I am writing this section from the bedroom I had left behind 3 1/2 months ago. Safe to say that this is a particularly weird experience what with my last post having been published from the Northern regions of Thailand. There are a lot of travellers, including many of my new-found friends, still out there, and I hope that this will provide some insight as to what the return home can be like.
It will be better to fill in the gap between now and where I left off, not only for a sense of completion, but for the sake of my memory which is currently being challenged by jet-lag.
So after a few cheap Changs from 7-Eleven, I headed out to town with the aim of finding my way to the advertised 'Half-Moon Party'. The problem was that I had absolutely no clue how to get there. I knew where it was, but based on my previous experiences at these events, my last-remaining sensibility told me that there was no way I was going to motorbike it. Unless I wanted to leave it stranded anyway.
Fortunately, after some aimless walking around, I found a congregation of around 50 people hanging around behind some pick-up truck. Had I not been in Asia for so long, I would have been surprised. However it was once I watched around 30 of the group somehow scramble onto the back of the thing and speed off into the distance, that I knew I was in the right place.
|"Hi mate, could I have a 34-seater taxi please?"|
Coincidentally, just before I was to become another drunken load, I had a very fond reunion with some old friends and I knew it was going to be a good night. As for the night itself ; Well for reasons best left un-typed, the actual party remains an unexplained void, however once consciousness had settled in I found myself wandering a very misty pathway home, laughing my head off. I was also covered in mud. Quite the atmosphere though.
The next day, I was hungover as hell (I had gotten in at 6 AM) and pretty much did nothing but drive around a bit until I found a very scenic view, laid flat on the bike-seat with my legs over the handlebars, and fell asleep. After what must have been two hours, I had the pleasure of waking up to some American tourist shout, "HEY TAKE A PICTURE OF THAT GUY!" (me); whilst a Thai farmer bailed hay in the distance. As for the photo, I decided to create an illusion of maintaining my sleep rather than making the idiot scream louder by scaring her.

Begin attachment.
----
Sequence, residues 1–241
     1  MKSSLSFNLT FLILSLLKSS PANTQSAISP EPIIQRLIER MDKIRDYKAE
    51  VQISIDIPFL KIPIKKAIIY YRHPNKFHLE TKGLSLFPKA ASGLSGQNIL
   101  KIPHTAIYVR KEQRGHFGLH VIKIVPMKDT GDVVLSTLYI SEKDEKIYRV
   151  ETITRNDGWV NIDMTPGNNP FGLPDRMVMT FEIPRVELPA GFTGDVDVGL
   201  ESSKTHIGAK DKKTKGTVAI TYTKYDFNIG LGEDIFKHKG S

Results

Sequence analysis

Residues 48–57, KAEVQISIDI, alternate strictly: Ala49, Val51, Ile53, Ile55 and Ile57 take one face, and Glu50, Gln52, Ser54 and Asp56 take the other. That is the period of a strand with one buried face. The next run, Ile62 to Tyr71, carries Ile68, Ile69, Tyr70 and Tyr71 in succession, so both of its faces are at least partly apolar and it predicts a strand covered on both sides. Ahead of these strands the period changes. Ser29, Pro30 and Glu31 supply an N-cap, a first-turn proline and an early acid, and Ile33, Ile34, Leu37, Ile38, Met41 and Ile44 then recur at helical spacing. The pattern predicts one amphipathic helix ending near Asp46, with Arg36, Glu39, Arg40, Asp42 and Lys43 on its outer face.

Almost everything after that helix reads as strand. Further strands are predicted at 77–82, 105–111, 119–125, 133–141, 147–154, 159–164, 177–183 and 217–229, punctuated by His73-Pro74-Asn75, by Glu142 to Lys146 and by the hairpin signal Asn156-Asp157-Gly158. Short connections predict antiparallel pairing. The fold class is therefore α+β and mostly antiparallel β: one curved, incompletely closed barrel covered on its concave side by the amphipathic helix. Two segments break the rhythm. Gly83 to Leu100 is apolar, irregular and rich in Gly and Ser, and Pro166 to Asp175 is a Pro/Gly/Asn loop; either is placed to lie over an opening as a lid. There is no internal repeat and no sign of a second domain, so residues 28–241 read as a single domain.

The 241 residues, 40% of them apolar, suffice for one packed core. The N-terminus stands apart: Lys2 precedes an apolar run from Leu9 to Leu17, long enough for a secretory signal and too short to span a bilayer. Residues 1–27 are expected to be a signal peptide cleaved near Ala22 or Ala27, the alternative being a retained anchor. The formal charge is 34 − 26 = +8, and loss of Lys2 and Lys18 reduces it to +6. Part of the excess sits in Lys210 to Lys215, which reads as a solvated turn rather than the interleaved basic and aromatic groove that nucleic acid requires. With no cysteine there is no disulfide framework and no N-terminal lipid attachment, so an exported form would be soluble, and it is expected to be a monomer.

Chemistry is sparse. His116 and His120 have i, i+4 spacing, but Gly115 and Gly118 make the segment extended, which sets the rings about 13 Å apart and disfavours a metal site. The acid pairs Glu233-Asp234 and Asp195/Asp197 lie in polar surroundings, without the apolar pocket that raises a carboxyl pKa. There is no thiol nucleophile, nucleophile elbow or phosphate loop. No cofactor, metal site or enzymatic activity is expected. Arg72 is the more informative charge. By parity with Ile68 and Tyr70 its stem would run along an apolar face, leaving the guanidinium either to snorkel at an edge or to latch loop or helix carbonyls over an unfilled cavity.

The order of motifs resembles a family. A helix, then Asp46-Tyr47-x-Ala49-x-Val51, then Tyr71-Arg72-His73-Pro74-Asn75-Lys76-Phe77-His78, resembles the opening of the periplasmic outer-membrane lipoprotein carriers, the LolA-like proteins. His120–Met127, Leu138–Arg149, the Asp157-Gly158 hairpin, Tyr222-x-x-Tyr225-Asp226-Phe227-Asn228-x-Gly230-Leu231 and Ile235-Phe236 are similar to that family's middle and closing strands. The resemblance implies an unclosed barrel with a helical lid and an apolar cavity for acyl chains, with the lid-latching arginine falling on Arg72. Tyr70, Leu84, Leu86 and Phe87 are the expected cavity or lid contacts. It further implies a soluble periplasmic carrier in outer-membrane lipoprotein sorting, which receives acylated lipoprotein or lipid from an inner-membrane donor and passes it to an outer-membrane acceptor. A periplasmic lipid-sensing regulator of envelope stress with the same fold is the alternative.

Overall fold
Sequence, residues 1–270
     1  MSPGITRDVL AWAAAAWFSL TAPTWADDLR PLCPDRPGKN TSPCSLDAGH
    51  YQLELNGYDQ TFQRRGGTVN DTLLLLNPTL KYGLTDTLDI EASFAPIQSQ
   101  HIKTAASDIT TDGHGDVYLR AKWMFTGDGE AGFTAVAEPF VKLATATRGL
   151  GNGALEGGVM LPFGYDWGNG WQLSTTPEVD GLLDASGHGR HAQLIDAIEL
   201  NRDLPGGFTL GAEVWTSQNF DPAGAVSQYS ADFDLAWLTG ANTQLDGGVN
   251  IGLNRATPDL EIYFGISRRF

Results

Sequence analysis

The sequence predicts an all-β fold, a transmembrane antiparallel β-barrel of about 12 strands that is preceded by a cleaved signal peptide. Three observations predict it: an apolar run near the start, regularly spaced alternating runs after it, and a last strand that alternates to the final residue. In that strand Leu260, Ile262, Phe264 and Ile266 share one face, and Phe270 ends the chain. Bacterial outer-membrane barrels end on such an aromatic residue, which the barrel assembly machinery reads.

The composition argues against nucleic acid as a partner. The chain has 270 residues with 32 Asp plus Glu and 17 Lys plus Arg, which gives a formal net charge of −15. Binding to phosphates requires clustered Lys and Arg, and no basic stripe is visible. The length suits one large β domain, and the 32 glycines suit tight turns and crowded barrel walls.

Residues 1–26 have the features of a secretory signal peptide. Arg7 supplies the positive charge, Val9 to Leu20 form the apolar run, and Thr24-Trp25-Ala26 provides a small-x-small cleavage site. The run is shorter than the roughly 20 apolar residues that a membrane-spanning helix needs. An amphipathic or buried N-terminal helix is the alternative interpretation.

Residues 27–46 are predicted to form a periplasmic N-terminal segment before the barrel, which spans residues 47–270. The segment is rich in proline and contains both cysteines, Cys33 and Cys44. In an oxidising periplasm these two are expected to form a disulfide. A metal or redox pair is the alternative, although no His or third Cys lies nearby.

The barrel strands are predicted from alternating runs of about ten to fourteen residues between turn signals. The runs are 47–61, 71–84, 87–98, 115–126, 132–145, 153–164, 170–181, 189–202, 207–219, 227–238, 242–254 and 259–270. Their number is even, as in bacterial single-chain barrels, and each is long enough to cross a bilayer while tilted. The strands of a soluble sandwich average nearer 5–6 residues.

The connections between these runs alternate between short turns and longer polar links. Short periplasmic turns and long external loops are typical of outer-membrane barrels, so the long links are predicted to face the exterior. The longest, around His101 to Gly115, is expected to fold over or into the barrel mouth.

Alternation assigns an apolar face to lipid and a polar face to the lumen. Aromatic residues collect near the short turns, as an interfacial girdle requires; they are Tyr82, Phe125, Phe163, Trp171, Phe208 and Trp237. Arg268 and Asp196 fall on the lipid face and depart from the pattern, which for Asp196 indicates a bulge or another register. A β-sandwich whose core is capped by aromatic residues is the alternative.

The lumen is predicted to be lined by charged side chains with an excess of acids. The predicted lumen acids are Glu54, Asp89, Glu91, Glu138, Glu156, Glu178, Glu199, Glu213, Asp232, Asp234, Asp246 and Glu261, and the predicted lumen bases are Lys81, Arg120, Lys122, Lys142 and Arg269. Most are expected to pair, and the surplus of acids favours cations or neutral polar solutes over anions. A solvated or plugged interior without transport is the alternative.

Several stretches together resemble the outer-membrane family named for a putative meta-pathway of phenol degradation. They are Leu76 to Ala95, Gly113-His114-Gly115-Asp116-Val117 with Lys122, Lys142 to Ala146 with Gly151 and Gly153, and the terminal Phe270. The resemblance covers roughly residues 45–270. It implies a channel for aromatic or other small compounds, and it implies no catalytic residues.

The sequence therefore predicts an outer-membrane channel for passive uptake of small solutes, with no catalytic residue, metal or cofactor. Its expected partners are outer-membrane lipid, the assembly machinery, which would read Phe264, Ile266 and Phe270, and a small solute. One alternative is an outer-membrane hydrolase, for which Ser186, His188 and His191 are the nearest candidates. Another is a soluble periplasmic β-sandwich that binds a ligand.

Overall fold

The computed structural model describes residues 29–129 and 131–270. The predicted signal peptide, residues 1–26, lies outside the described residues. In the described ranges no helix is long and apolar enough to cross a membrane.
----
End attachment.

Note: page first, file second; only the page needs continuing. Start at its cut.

|An example of the views Pai has to offer. Sometimes it is so peaceful that the only noise that penetrates the ambience is the quiet buzz of a motorcycle in the distance. I noticed you could trace its whereabouts by its glint as it reflected the sun.|
Whilst I suffered in my lazy haziness, my travel companions had simultaneously booked our travel back down from Pai to Chiang Mai and then Bangkok, and upon finding out about this, I realised that it was vital I grab a good night's sleep for my opinion of 'sleeper buses' (FFS) meant that I might die of exhaustion.
I was completely wrong! Turns out I, and pretty much every other person on board, tempted fate with a potential bout of hypothermia after the bus driver decided to generously switch the air-con on overdrive. As soon as we stopped off for dinner (at 1:30 AM 0_0), the bus driver had the pleasure of me leading our mutiny with;
Me: "Can you turn down that F***ING aircon?"
The driver nods sheepishly.
Driver: "Twen-y mini-"
Me: "No. NOW!"
We continued the journey in warmth. God bless those that may have passed away shortly afterwards.
During the journey, my ex-tour leader/guardian angel had called and informed me that she was in Bangkok and had a cheap room with a spare bed. So, having arrived for the third time in the capital, I wandered straight past the bemused reception staff, tiptoed past the sleeping Shell and fell asleep almost immediately – was a tad surreal. I needed the rest though, for I planned to make the journey to Kanchanaburi, being the history geek that I am, to visit the infamous bridge over the Kwai river.
[HISTORY LESSON FOR THOSE THAT DO NOT KNOW]
During the Second World War, the Empire of Japan, having blitzed its way throughout Asia, needed a link to transport materiele from Thailand to Burma. Having signed a co-operation treaty with Thailand and thus receiving no resistance, the Japanese agreed that in order to build the railway across such impossible terrain, it needed the labour of ‘volunteers’ or POWs. Conditions were so brutal that, according to some historians, around 200,000 men, Allied and local, perished during the construction. And perhaps of most resonance; It is said that for every sleeper that was laid on the track, a man died.
Anyway, perhaps unsurprisingly, I left much later than planned and made the two-hour journey from the most confusing bus terminal towards my destination. And I was not disappointed.